Constant sat him up with difficulty and asked him:  “What is wrong?”  The Emperor immediately told him that he had had a terrible nightmare, in which he saw a bear lying on his body, trying to rip out his heart.

As Dr Andrews judiciously observes, epileptics do not have their mouths open during attacks, and if we refer to Constant’s story, it does not seem that we are in the presence of anything more than a dreadful nightmare or a terrifying vision.

Another account is that of Talleyrand.  He reports that the Count de Remusat, First Chamberlain, and himself witnessed an attack which shows great similarity with an epileptic fit.

One day, when Prince de Benevent had accompanied the Emperor to Strasbourg, Napoleon had entered Josephine’s bedroom:  he soon rushed out in a great hurry, seized Talleyrand by the arm, dragged him into a neighbouring bedroom and ordered him, in a stammer, to close the door.  Once inside, he fell in a heap and twisted about in convulsions, which Talleyrand described like this:

“He moaned and drooled;  he rolled on the ground in convulsions which lasted about a quarter of an hour.  Then he started to speak again, came to his senses and ordered us to keep quiet about what had just happened.  Half an hour later, he left for Carlsruhe.”

Talleyrand and Napoleon detested each other – and this is the only thing which would stop us giving great credit to this story.  That said, it is evident that the symptoms reported by Talleyrand:  loss of consciousness, convulsive movements, frothing at the mouth, leave little doubt as to the nature of the attack.

However, there was no initial, precursory cry, nor the coma-like sleep which follows the period of disordered movement.  Neither was there the speech difficulty, which persists for some time before the return of consciousness, which, itself, only comes back slowly and gradually.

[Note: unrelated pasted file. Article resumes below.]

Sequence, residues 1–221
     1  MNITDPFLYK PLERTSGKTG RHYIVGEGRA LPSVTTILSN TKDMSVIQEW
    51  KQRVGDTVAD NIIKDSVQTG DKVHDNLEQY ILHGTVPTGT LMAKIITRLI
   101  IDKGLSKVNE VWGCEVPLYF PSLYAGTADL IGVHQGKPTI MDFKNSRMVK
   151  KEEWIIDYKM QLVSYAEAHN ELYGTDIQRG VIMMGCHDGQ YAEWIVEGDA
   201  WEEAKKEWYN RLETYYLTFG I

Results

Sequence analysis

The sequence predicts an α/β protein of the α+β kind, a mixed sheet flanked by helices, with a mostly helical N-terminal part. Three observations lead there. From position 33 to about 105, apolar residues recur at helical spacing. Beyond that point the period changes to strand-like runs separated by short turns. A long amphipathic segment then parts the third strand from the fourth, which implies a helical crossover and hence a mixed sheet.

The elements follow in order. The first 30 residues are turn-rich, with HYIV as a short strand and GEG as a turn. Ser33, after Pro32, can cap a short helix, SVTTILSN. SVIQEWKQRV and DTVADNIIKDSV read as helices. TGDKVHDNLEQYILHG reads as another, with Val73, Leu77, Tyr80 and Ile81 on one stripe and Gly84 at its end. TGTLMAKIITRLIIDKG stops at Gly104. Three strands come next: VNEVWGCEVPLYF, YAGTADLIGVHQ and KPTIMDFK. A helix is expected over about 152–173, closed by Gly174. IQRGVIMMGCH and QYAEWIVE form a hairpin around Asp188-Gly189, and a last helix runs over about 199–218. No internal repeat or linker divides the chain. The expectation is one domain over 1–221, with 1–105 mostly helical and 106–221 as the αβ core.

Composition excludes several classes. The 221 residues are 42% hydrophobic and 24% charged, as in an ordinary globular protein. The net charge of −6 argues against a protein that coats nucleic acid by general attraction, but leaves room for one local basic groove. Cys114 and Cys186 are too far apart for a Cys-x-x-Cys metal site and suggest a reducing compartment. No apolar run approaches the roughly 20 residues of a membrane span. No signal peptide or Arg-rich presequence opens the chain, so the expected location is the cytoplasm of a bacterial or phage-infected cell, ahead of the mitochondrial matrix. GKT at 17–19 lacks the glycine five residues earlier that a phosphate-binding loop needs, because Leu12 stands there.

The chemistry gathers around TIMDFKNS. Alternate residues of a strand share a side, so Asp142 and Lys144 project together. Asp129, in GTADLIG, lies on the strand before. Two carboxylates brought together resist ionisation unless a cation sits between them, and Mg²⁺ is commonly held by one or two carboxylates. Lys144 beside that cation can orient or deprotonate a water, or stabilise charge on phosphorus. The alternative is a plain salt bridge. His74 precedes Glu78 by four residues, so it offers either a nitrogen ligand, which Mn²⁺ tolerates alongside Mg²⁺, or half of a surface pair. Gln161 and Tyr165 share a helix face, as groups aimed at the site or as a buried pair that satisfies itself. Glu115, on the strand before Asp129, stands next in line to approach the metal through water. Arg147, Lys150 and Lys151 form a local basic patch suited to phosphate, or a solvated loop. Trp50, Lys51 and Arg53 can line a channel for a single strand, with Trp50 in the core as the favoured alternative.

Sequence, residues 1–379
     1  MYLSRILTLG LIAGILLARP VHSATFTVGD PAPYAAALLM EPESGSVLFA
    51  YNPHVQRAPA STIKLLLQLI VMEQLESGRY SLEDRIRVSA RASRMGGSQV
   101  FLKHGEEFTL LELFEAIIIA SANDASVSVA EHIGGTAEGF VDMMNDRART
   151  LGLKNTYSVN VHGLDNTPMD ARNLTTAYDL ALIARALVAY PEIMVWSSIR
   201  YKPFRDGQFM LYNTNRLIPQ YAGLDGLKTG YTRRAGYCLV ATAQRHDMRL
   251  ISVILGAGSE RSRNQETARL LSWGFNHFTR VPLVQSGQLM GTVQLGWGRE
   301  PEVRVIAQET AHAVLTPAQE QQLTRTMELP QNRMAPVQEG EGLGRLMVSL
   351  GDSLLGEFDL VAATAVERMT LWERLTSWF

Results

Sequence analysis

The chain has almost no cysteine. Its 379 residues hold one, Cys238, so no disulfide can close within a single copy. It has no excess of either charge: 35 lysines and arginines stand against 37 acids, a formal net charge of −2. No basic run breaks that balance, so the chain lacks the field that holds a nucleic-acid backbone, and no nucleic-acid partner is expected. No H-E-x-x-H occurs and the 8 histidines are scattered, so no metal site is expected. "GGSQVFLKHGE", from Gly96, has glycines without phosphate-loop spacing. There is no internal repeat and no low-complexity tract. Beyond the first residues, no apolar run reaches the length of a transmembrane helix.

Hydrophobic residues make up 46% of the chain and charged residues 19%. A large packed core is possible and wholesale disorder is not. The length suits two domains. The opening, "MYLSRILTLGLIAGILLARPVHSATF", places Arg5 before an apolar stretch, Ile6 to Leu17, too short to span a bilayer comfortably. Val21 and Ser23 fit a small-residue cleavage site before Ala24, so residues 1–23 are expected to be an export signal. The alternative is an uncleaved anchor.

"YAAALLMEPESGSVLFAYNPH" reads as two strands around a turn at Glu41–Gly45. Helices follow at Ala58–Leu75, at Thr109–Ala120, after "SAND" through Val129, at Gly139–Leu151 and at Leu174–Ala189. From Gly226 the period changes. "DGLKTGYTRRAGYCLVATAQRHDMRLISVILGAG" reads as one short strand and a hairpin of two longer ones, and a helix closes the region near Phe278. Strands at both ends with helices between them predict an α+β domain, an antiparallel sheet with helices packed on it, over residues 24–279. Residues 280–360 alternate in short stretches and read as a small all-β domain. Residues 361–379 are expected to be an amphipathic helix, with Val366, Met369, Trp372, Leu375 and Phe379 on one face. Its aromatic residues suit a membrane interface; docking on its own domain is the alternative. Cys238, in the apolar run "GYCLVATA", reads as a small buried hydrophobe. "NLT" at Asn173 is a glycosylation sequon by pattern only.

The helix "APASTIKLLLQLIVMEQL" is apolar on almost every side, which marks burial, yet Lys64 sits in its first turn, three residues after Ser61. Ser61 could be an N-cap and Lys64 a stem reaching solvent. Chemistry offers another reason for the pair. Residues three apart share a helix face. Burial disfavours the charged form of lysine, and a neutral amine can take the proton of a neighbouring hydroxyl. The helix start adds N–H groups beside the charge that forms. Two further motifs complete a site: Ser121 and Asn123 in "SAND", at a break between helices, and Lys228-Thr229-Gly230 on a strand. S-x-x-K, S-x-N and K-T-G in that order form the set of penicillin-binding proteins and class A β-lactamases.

On top of that, the patient usually has no memory of what has happened, whereas Napoleon seems to be fully aware of the disorder which has just attacked him.  It has never been shown either, that he ever suffered from that mental and physical fatigue which accompanies the smallest epileptic incident.

Drs Corre and Laurent have dismissed the epilepsy supposition for this reason alone, that the intelligence has always remained intact.

Professor Teobaldi, of the University of Padua, in a work on Napoleon, shows that “never did anyone see him fall from his horse, stop speaking, or suffer in public from nervous, convulsive troubles.  His doctors never found him to be epileptic.”  It is in fact remarkable that none of those called to treat Napoleon, at different times in his life, ever mentioned this pathological incident.

“Of all the doctors who, at different times, have served the Emperor and his family,” writes Dr Andrews.  “Six of them have published medical observations which they gathered about their imperial master…  These six doctors were Warden, O’Meara, Antommarchi, Arnott, Hereau and Corvisart.  In their letters or their memories, not one word can be found concerning epilepsy.  Only Hereau, who analyzed the work of the others, with the intention of making a report for the Duke of Reichstadt, the Emperor’s son, adds a remark, which appears to be an indirect answer to public rumour:  he assures the young Napoleon that his father was suffering from no illness which could have clouded his intellectual capacities.”

Third part tomorrow.